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  • Writer's pictureNBWJI

Statement on Chrystul Kizer plea deal

Last month, Chrystul Kizer took a plea deal in a case that began when, at the age of 17, she, a Black girl, killed the 34-year-old white man who had sexually assaulted her.

 

Wisconsin’s Supreme Court had previously ruled that Kizer could use a Wisconsin law intended to protect trafficking victims as part of her defense. That 2008 law shields trafficking victims from being punished for crimes committed as a direct result of having been trafficked.

 

Chrystul Kizer is a child sex-trafficking victim and survivor. She is now facing up to 20 years in prison for surviving.


The National Black Women’s Justice Institute released the following statement from Executive Director Dr. Sydney McKinney:

 

The reality is that there is an abuse-to-incarceration pipeline in the United States that overwhelmingly impacts Black women and girls. We have a criminal-legal system in which Chrystul Kizer and too many other girls like her are punished for surviving abuse, exploitation, and gender-based violence.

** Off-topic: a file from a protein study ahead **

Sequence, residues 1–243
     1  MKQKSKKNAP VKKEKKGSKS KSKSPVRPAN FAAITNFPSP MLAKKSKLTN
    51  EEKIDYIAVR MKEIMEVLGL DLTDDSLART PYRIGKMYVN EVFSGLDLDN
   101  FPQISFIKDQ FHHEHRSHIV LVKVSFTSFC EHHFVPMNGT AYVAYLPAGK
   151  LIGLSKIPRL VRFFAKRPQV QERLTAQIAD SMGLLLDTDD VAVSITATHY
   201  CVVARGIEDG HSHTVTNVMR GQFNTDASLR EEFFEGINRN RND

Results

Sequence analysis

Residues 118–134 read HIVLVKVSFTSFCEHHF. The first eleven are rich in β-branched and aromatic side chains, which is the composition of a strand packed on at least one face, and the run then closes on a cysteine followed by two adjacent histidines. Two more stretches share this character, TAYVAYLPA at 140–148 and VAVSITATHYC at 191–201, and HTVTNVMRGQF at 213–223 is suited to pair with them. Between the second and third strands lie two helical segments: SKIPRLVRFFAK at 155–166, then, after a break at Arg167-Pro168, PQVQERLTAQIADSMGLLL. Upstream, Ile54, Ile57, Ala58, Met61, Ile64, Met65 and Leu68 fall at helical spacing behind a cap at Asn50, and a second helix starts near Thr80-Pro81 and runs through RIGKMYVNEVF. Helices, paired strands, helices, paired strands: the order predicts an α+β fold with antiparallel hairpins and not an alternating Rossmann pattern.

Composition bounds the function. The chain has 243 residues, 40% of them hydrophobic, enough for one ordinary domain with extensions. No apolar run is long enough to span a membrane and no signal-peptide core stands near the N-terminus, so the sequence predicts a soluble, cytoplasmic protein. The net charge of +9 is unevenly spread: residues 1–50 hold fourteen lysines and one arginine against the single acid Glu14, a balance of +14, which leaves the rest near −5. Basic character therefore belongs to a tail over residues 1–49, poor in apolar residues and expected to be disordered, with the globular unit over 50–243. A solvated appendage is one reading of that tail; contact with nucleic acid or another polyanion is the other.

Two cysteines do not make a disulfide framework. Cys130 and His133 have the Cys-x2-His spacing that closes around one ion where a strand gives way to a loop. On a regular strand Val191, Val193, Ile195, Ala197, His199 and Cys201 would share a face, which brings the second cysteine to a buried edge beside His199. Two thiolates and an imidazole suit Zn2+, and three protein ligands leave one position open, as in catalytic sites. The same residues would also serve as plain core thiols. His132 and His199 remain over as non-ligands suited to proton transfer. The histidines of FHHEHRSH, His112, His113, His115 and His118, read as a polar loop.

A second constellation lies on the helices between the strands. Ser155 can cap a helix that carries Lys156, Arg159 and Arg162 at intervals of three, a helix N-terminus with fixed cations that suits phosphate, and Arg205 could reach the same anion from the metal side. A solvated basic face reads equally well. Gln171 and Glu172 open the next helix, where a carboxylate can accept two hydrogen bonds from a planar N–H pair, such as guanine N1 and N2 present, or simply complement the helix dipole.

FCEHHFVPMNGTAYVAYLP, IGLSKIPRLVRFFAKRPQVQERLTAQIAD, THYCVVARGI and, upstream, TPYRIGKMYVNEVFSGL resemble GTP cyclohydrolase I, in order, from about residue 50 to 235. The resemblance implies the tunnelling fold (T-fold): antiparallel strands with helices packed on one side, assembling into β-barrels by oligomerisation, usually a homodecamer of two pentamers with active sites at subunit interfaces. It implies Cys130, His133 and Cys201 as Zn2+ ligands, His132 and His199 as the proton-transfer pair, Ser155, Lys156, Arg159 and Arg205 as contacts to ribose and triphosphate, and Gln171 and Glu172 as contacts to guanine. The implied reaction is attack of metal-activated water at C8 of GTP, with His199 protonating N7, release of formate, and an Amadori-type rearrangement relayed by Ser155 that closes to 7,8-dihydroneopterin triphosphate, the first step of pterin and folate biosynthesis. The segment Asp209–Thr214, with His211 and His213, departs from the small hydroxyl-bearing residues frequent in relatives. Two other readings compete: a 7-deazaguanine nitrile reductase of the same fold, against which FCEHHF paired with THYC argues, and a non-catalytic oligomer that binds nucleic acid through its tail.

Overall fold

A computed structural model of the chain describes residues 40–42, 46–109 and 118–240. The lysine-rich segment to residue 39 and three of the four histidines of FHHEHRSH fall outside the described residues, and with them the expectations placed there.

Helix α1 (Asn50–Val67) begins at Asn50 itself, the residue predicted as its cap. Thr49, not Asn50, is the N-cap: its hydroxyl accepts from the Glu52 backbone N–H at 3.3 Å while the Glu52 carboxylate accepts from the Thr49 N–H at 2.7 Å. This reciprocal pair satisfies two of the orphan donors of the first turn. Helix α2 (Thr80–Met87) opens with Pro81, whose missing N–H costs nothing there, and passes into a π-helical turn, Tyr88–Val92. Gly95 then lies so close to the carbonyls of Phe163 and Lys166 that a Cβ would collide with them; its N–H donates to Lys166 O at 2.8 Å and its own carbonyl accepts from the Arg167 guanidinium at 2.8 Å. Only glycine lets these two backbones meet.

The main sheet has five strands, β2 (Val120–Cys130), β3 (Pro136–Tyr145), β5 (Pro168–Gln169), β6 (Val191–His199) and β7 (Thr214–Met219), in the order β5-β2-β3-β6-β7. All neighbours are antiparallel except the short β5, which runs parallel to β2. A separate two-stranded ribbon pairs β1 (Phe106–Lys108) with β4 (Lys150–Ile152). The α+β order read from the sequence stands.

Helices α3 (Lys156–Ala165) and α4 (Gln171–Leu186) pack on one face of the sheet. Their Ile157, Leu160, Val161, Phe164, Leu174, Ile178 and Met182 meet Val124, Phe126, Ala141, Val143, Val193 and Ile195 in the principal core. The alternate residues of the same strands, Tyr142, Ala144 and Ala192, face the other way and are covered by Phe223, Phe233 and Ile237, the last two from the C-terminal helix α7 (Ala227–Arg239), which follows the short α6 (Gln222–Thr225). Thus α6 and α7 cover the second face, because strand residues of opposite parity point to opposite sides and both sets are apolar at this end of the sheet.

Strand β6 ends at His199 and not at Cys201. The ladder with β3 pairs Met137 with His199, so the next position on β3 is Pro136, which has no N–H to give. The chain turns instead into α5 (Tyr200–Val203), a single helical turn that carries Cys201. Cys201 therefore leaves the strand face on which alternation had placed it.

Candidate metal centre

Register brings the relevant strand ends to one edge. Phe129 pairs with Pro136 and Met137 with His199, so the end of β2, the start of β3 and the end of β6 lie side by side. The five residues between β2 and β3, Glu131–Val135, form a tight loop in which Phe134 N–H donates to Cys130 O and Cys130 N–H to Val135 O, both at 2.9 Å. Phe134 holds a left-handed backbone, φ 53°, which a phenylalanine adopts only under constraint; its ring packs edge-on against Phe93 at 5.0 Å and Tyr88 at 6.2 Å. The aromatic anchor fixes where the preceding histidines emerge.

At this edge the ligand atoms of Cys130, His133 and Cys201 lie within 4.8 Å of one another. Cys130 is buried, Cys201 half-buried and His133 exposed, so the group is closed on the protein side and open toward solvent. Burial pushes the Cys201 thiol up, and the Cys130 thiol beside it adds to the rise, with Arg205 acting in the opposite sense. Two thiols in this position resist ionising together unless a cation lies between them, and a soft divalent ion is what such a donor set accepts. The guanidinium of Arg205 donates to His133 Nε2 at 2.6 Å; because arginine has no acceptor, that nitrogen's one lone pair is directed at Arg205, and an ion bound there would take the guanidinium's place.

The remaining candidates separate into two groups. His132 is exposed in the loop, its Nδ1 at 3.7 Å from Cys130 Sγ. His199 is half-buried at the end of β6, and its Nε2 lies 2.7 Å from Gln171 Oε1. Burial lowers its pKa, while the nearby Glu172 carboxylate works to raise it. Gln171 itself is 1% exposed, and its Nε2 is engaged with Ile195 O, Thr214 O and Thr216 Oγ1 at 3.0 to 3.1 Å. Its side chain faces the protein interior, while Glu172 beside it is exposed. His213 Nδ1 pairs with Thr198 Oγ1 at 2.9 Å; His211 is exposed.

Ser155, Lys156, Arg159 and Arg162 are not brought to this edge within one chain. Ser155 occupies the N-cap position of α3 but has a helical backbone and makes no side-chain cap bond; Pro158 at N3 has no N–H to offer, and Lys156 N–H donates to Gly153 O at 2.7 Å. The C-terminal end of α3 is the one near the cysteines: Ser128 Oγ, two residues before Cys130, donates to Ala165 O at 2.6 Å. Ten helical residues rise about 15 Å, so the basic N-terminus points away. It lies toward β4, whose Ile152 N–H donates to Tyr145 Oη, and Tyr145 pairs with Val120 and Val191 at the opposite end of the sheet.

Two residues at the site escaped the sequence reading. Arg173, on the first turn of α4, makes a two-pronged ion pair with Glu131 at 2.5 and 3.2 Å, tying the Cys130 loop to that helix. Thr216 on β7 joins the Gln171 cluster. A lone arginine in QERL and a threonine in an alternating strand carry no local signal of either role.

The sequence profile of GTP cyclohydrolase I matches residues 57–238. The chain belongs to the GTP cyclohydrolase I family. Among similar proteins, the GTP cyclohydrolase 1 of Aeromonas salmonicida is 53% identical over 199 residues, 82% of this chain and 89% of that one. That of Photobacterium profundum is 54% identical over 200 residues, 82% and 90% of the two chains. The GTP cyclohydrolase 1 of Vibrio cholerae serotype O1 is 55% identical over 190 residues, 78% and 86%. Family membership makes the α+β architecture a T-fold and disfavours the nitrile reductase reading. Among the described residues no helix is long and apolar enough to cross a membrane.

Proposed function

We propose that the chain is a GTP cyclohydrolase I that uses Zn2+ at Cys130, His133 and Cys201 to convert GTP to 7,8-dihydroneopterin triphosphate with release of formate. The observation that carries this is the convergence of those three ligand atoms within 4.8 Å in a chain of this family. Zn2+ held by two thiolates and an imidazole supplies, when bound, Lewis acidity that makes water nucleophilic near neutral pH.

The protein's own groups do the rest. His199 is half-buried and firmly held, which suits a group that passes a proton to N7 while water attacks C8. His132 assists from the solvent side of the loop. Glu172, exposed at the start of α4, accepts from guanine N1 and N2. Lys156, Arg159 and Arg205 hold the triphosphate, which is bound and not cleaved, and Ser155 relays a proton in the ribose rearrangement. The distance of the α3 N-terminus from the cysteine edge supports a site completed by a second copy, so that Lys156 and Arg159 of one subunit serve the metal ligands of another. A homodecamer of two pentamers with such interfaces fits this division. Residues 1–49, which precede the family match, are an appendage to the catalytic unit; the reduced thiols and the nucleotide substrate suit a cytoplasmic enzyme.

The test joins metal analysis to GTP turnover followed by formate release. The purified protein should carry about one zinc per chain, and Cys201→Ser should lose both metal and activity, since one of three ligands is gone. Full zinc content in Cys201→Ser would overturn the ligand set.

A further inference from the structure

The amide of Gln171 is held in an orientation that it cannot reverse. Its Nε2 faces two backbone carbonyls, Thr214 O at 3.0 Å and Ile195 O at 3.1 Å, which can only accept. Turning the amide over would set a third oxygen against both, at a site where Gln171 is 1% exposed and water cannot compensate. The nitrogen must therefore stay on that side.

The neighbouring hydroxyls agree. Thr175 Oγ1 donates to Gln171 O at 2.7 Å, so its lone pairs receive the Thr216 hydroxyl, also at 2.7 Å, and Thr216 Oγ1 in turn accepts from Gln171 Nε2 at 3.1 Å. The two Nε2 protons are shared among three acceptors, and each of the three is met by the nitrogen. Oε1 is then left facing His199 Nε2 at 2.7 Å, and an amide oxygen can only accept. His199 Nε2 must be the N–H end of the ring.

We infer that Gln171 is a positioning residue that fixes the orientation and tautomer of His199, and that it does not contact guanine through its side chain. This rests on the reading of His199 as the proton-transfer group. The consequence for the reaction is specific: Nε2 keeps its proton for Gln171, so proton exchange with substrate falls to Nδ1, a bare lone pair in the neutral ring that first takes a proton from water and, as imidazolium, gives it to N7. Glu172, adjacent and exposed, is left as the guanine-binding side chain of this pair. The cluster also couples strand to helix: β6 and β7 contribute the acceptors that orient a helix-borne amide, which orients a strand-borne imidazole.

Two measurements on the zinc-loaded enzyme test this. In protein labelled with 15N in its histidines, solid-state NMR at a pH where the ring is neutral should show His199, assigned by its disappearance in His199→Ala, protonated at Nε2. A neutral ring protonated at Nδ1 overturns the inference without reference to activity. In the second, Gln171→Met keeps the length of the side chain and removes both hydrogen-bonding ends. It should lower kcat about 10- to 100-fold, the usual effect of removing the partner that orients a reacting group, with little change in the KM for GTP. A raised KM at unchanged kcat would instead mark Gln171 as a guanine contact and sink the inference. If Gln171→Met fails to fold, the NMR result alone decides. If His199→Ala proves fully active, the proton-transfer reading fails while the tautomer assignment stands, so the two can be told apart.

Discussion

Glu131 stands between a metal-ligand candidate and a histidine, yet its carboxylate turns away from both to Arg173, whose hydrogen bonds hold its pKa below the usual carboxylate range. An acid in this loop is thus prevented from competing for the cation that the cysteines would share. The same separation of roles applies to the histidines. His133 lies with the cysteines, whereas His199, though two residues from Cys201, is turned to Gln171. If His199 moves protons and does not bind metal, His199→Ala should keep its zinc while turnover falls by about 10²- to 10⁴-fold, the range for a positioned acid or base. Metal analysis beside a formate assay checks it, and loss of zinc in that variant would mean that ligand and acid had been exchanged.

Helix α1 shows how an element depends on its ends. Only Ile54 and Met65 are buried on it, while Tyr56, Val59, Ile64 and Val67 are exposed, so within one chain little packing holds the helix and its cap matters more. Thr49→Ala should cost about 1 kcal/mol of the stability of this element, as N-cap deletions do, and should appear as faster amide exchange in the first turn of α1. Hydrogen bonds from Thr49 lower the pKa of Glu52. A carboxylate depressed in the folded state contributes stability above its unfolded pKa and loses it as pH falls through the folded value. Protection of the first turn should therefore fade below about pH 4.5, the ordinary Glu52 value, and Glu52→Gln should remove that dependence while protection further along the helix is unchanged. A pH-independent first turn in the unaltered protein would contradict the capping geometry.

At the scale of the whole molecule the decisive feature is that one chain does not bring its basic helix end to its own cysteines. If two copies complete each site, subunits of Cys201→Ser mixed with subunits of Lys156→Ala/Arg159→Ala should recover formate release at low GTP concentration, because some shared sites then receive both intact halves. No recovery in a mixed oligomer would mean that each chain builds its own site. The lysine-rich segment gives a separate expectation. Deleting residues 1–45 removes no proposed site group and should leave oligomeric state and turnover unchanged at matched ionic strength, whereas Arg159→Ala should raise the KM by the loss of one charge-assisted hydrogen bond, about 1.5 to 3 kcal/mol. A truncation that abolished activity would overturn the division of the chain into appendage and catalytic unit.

“Courts across the country criminalize Black women and girls for surviving abuse and sexual violence. Survivors need support accessing healing services, not punishment. Yet, too many are punished and incarcerated for actions they take to survive. NBWJI does not condone violence of any kind, but we hold firm that incarceration serves no one and cannot address the trauma that criminalized survivors bear.


"Incarceration only worsens and intensifies the harm, mimicking the coercive control and loss of bodily autonomy that sex trafficking survivors experience at the hands of traffickers. Sending Chrystul Kizer to prison for any amount of time is the wrong decision; it will not heal anyone and will only cause more harm.

 

“The response of the prosecutor involved in this case is disappointing, infuriating, and unacceptable, yet unsurprising. Whether states have laws on the books or not, we need prosecutors and judges to have deep compassion for survivors and to use their discretion to opt for healing-centered alternatives instead of punishment for girls like Chrystul Kizer, who was a child in an impossible situation fighting for her life.

 

“We must end the criminalization of survivors of sex abuse, assault, and exploitation.  We must believe Black women and girls. We must respect, value, and honor the voices and humanity of Black women and girls.”

 


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